The hunting trip was incredibly successful, and things seemed to be looking up for the survivors. A herd of Tauntaun were moving across the slopes not more than eighty meters from the crash site. Moving up along a ridge and gazing down onto an open tundra below, Tarrsk and the others lowered their blasters and leveled them on the creatures. Being in the open tundra with no protection the Tauntaun’s could not escape the accurate fire of Tarrsk and the others. Before long fifteen Tauntaun were dead.
The herd was rather large, and a good sixteen adult Tauntaun remained with almost a dozen juveniles. Geldar, Brin’tac, and Satchal all attempted to soothe the remaining Tauntaun in an effort to gain their aid, and with the Force helping them they managed to tame about six of the adults before the rest of the herd escaped over the ridge to the east.
With the six Tauntaun aiding them they managed to haul all of the dead Tauntaun back to the ship. As night came upon the frozen wastelands Geldar, Tarrsk, Tso, Brin’tac, Lialla, Kradlo, and Satchal all finally returned to the ship with their food source in tow.
At that point, Gariss and the other mercenaries were already back and working on repairs to the ship. When they told Gariss of the catch they had made he immediately sent everyone out to skin them and prepare their meat for storage. Who knew how long they’d be on Hoth or if they’d find another source of food as large was what they had gotten, and the mercenary commander wanted to make sure that what they had was going to last them a long time.
That night they ate a very rationed meal. Between the Tauntauns they killed and the Wampas they had an ample supply, but with twenty-four individuals all needing to eat that food would not last them a real long time. Thankfully, though, the ship already had about two months of consumables for at least ten people, so that would give them another source of food for a time. However, Par’kiss believed that altogether this food supply would only last them about a month; two if they ate it sparingly.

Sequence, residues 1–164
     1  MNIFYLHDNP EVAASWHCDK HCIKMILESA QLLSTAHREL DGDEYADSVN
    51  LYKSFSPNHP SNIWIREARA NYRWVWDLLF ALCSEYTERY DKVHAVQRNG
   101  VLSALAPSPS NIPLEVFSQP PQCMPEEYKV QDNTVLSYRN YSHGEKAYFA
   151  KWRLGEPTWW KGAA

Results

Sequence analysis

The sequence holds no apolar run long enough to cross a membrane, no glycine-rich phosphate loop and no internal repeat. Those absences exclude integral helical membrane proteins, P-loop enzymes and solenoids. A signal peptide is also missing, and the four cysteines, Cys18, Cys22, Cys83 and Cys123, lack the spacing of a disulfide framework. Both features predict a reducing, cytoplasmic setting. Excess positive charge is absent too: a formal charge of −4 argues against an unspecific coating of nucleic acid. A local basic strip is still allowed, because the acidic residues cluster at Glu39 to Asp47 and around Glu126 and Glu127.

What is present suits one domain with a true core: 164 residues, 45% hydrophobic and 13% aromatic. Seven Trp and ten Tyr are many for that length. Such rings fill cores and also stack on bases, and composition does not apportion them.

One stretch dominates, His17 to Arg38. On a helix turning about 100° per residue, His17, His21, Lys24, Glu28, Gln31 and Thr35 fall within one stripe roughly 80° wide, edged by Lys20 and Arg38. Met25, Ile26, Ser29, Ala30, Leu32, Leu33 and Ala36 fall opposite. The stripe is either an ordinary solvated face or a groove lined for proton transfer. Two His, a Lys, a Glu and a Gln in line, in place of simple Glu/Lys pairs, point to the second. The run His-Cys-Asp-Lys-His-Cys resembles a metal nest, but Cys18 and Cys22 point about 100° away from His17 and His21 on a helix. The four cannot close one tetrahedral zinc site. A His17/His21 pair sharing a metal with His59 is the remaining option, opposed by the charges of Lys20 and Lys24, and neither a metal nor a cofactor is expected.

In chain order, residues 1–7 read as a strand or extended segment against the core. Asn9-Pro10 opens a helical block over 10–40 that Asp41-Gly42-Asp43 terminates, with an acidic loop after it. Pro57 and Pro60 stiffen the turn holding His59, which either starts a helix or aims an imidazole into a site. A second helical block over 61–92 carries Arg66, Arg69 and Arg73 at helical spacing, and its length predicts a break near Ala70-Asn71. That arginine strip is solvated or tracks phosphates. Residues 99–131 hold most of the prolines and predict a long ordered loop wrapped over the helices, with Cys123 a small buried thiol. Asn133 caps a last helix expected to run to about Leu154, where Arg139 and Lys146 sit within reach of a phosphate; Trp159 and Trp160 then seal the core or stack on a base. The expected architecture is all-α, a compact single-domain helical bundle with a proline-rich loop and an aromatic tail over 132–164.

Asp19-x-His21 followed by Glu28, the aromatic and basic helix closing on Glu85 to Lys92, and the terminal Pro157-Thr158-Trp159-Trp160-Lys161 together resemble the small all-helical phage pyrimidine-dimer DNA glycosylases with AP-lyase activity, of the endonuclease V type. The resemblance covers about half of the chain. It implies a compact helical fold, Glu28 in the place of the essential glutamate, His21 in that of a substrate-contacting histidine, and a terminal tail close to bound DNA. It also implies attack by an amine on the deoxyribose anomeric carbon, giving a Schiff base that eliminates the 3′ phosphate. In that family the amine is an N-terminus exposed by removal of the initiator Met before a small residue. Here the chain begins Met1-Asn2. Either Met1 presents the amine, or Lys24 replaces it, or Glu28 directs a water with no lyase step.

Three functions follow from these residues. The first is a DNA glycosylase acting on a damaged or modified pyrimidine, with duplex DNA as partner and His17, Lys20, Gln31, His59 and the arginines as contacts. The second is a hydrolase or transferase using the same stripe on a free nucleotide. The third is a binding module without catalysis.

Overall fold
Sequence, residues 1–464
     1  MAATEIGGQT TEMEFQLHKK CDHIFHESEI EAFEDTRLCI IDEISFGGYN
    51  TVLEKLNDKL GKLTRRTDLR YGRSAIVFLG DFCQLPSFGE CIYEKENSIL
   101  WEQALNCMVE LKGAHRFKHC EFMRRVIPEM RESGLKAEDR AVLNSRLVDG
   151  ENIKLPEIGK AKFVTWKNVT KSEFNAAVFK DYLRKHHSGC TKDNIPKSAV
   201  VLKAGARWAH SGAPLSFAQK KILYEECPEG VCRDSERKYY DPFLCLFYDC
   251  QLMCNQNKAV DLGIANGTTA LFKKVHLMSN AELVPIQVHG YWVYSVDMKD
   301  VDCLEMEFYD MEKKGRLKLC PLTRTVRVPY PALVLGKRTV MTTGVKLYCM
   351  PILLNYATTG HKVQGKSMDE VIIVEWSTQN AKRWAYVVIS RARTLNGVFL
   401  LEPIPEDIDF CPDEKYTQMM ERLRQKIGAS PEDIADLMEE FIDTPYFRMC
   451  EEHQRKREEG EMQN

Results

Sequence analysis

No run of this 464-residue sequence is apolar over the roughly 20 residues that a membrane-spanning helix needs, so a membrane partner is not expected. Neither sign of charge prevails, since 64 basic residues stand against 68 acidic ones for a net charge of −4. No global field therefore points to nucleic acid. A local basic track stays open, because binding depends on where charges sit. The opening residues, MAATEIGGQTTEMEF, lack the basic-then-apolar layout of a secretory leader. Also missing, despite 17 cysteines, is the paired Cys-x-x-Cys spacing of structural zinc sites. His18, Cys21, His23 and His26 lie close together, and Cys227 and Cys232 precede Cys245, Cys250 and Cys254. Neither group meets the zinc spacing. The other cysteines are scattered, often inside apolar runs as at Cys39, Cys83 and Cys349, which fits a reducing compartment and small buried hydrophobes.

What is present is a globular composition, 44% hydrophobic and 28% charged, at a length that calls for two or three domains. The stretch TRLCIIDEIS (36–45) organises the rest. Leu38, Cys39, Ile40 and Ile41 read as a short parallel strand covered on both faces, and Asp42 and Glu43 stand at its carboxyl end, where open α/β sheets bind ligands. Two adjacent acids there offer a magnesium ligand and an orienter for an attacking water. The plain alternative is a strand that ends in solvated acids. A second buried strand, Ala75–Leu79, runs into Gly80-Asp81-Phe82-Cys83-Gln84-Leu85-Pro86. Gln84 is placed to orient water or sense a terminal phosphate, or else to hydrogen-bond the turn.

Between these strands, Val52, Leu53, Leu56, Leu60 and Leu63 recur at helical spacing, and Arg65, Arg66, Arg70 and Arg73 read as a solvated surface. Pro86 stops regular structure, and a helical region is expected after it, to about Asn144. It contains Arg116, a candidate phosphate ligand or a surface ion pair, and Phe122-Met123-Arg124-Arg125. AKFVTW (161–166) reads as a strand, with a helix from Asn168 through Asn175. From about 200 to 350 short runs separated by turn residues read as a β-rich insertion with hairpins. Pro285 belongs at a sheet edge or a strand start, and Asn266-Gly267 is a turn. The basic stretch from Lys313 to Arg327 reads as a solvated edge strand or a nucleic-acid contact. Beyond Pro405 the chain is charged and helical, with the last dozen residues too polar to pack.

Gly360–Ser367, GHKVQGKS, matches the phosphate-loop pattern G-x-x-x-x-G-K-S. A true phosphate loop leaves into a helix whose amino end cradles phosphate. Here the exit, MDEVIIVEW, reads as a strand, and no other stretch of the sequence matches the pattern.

“How long will it take to effectively make repairs?” Tso wondered when the entire group of survivors met in the lounge area that night.
“Well,” Par’kiss said with a wince. “Actually it appears that this ship is probably not going to be capable of space flight again. The guidance systems are trashed and the hyperdrive is a complete wreck. No long range communications systems are functional, and since the ship is on its side it can’t lift off. On top of that the hull has been breached in nearly thirty-three places, and without scrap material to patch up these holes it won’t make it through the atmosphere.”
Nyarchagga, whom they had found lounging in his room with the heat up enough to make the room feel like a sauna, huddled in his blanket and said, “Why can’t we just use parts of the ship that aren’t functioning to patch up the holes. If the hyperdrive is a mess we could strip it down to the bone and use the parts to patch the holes.”
Par’kiss thought of that a moment and nodded. “We could do that, but we still don’t have the guidance systems. It would take a very skilled pilot to get us off planet without them.”
“Do the sublight engines work still?” Tso asked, his heart beating loudly in his chest. He was a pilot, but he wasn’t real confident in his skills. To fly without the guidance systems was like flying blind. He wasn’t real sure he could do it.